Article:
Ryuji Yokokawa

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Artificial nanotransport systems inspired by intracellular transport processes have been investigated for over a decade using the motor protein kinesin and microtubules. However, only unidirectional cargo transport has been achieved for the purpose of nanotransport in a microfluidic system. Here, we demonstrate bidirectional nanotransport by integrating(More)
Intracellular cargo is transported by multiple motor proteins. Because of the force balance of motors with mixed polarities, cargo moves bidirectionally to achieve biological functions. Here, we propose a microtubule gliding assay for a tug-of-war study of kinesin and dynein. A boundary of the two motor groups is created by photolithographically patterning(More)
We present experiments and theory of a constant flow-driven microfluidic oscillator with widely tunable oscillation periods. This oscillator converts two constant input-flows from a syringe pump into an alternating, periodic output-flow with oscillation periods that can be adjusted to between 0.3 s to 4.1 h by tuning an external membrane capacitor. This(More)
Self-switching microfluidic circuits that are able to perform biochemical experiments in a parallel and autonomous manner, similar to instruction-embedded electronics, are rarely implemented. Here, we present design principles and demonstrations for gravity-driven, integrated, microfluidic pulsatile flow circuits. With a common gravity head as the only(More)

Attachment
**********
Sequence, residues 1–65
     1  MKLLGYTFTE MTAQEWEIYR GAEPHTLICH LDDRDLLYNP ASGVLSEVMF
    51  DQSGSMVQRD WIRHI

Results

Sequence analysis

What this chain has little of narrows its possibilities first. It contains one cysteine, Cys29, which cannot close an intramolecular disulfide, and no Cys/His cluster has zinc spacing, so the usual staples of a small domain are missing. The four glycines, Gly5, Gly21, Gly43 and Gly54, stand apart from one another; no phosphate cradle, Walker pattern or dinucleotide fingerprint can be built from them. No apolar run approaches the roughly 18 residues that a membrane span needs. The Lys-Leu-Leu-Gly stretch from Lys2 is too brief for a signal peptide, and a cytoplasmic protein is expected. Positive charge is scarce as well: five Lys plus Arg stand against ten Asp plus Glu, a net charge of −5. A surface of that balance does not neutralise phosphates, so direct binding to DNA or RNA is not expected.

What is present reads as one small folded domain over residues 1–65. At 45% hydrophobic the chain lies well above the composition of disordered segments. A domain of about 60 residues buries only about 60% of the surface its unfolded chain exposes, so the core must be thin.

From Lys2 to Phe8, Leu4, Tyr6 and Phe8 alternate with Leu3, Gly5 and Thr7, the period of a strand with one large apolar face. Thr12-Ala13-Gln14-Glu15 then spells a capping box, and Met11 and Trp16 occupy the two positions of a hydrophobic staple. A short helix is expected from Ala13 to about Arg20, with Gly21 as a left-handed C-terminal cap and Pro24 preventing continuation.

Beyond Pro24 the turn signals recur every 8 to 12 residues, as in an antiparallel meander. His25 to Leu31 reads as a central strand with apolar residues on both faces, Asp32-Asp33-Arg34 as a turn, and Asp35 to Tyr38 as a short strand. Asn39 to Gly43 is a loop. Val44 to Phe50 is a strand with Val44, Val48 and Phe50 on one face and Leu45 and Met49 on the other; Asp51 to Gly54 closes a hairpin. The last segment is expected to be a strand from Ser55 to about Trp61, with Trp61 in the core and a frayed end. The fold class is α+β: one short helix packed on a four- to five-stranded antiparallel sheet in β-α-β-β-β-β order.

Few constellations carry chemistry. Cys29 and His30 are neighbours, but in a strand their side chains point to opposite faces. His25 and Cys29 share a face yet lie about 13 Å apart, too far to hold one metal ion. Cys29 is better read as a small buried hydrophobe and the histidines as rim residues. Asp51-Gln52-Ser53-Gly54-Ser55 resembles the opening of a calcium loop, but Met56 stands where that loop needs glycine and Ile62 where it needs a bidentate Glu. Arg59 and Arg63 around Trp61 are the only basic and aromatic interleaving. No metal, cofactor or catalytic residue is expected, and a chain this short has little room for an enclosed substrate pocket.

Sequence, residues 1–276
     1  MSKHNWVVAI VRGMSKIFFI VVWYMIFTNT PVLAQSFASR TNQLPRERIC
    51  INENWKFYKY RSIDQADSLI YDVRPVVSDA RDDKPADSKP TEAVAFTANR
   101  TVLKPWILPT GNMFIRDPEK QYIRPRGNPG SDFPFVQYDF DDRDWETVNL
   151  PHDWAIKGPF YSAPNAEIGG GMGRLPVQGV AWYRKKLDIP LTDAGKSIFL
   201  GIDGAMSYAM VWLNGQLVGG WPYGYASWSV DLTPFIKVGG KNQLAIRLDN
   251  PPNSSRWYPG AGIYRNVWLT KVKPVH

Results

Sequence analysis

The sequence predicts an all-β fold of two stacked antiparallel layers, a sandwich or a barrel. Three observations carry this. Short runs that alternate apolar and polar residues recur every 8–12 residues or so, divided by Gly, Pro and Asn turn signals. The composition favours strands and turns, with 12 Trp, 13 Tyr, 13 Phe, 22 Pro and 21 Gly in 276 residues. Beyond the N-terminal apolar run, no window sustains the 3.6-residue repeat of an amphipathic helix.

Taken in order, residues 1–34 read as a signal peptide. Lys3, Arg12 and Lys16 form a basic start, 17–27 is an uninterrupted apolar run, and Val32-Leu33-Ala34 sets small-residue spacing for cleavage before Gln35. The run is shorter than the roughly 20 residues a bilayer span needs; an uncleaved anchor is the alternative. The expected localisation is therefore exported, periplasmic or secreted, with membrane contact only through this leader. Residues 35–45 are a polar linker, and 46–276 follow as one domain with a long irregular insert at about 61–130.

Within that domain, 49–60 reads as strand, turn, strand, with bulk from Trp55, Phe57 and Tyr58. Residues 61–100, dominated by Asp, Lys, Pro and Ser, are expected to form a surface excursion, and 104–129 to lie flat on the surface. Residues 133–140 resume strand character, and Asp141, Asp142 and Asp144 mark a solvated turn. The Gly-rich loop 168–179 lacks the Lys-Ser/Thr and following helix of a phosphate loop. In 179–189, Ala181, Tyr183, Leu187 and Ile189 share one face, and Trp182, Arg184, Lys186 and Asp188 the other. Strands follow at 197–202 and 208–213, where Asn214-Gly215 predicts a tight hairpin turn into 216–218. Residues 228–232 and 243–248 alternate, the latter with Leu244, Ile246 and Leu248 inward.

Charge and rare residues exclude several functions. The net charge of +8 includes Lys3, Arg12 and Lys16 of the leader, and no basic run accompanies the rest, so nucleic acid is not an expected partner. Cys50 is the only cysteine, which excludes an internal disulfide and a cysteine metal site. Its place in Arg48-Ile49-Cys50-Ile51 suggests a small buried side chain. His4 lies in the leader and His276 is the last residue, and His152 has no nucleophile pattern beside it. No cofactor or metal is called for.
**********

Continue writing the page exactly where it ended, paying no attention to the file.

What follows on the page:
Despite the benefits of miniaturized devices, handling of tiny amount of molecules became a great challenge. Direct transport, similar to the one in intracellular transport, is a way to cope with the problem of transporting tiny amount of materials. Using motor proteins, i.e. kinesin, and the corresponding rail structures, i.e. microtubules, provides(More)
The motor protein dynein was introduced into a nanotransport system. We oriented microtubules by their polarity, and immobilized them based on a dynein-microtubule gliding assay system. This system achieved unidirectional transport of kinesin-coated microbeads. In contrast to conventional kinesin-based orientation systems, the dynein-based system allowed(More)
The Escherichia coli RuvB hexameric ring motor proteins, together with RuvAs, promote branch migration of Holliday junction DNA. Zero mode waveguides (ZMWs) constitute of nanosized holes and enable the visualization of a single fluorescent molecule under micromolar order of the molecules, which is applicable to characterize the formation of(More)
Microtubules driven by kinesin motors have been utilised as "molecular shuttles" in microfluidic environments with potential applications in autonomous nanoscale manipulations such as capturing, separating, and/or concentrating biomolecules. However, the conventional flow cell-based assay has difficulty in separating bound target molecules from free ones(More)
A novel microfabrication method of lead-free piezoelectric sodium potassium niobate [(K,Na)NbO 3 , KNN] thin films was proposed, and the piezoelectric characteristics of the KNN microactuators were evaluated. The KNN thin films were directly deposited on microfabricated Si microcantilevers. The transverse piezoelectric coefficient d 31 of the KNN films was(More)